Mr Cranitch said primary school teachers were given three hours of non-classroom time a week, while middle and senior school teachers had 5.2 hours.

"In that time they've got to do all the marking, preparation, writing reports," he said.  "The list goes on and on."

Mr Chandler last week announced  middle school ratios would increase from 17 students per teacher to 20 and in high schools, from 14 students per teacher to 18.

He said it was part of a plan to improve education in the early years with transition to Year 2 classes seeing a drop from 22 students per teacher to 20.

He said there was no clear research that suggested students performed better in small classes and said fringe subjects, such as drama or languages, would not necessarily be cut because it was up to the individual school how  to distribute the teachers.

Opposition leader Delia Lawrie said the plan would see good teachers forced out of the Territory.


Retrospective legislation disallowed

It is sometimes attempted in a good cause but is always obnoxious in principle

The High Court has ruled a 2011 law targeting welfare recipients cannot be applied retrospectively.

In a test case, Victorian single mother Kelli Keating challenged the law after Centrelink tried to prosecute her for overpayments of $6,942 in 2009.

The Federal Government had changed the law after an earlier High Court challenge over whether omitting to inform Centrelink of changes in income was criminal or not.

The law was made retrospective to 2000 to ensure up to 15,000 prosecutions since then would not be compromised.

The court has found the omission is a criminal act but not if it occurred before the new law was introduced.


How to save the health system

This week, the CIS released the third TARGET30 report on Australia’s unsustainable health system.

The report, Saving Medicare But NOT As We Currently Know It, argues that creating a health savings-based system would go a long way in solving the affordability problems facing Medicare.

Instead of the federal government paying for medical services and medications through the MBS and PBS, these health dollars could be better used to fund contributions to personal Health Savings Accounts (HSAs), which people would use to pay for their own health care.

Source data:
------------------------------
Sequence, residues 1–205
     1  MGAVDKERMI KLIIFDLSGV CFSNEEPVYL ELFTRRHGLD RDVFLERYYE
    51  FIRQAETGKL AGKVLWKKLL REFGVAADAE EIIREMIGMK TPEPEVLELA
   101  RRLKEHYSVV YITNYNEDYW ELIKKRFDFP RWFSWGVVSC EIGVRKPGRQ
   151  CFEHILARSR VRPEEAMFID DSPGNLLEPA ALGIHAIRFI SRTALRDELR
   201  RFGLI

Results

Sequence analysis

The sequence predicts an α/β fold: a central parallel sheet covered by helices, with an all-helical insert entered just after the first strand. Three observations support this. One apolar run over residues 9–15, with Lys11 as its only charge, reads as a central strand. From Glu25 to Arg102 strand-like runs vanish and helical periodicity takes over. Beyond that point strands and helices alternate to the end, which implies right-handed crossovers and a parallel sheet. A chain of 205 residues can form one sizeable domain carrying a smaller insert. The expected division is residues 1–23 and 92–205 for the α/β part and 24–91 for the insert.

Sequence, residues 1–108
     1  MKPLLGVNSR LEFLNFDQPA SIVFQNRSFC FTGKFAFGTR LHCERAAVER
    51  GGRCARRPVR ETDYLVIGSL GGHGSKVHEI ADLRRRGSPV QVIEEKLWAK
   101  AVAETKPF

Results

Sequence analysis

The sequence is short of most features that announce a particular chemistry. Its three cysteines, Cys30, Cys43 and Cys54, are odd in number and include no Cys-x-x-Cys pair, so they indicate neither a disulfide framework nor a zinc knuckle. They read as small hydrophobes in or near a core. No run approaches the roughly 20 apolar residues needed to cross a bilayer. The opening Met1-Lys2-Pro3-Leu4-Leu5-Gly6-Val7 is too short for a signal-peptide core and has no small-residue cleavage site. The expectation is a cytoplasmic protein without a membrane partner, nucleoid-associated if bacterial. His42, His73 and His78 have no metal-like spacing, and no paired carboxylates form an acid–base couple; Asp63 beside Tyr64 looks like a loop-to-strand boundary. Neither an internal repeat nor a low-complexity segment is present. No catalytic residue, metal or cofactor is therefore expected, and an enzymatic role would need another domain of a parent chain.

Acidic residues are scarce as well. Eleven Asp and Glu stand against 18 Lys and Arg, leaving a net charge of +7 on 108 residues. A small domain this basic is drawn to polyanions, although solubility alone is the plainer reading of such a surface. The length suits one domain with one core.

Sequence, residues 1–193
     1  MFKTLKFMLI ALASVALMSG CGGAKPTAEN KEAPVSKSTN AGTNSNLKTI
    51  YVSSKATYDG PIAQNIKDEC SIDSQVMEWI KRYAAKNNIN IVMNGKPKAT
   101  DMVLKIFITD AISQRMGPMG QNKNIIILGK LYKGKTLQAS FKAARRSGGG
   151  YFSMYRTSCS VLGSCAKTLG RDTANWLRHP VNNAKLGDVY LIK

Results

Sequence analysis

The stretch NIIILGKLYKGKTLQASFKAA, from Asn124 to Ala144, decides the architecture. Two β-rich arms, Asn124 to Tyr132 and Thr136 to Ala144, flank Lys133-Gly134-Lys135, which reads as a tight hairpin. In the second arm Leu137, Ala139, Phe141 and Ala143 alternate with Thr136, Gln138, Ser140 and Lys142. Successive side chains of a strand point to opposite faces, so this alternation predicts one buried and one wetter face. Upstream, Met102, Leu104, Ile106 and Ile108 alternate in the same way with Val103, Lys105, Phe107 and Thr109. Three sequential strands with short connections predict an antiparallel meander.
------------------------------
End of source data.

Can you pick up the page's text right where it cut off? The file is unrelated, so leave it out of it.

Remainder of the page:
Because they would be spending their own money, consumers would become far more cost-conscious users of health care. Overuse of heavily subsidised health services would be reduced, and as HSA balances increased, health costs would be shifted off government.

The principle of allowing people to save up to pay for health care is not as radical as it might seem, given that a similar approach has either been proposed or implemented in other ageing-sensitive areas of government expenditure.

The definitive 2012 Productivity Commission report into the challenges facing the aged care sector recommended that capital and operating costs for nursing home providers be self-financed by requiring residents to pay an accommodation bond.

The commission recognised that the only feasible way of addressing the financial sustainability challenges facing the aged care sector was to release the equity accumulated in the family home. Bonds are financed by requiring residents of aged care facilities to sell or reverse-mortgage the family home, the principal asset most Australians use to save for over the course of their lives.

Thanks to the compulsory superannuation system (and tighter means testing), Australia does not face as large an unfunded public pension liability as comparable countries in the OECD.

Only modest growth in the cost of the old age pension of 1.2% of GDP is expected by mid-century due to the self-funding of retirement incomes having reduced government responsibility for the cost of caring for the elderly.

We need to make the same transition to a pre-funded health system if health care is to be affordable in the twenty-first century.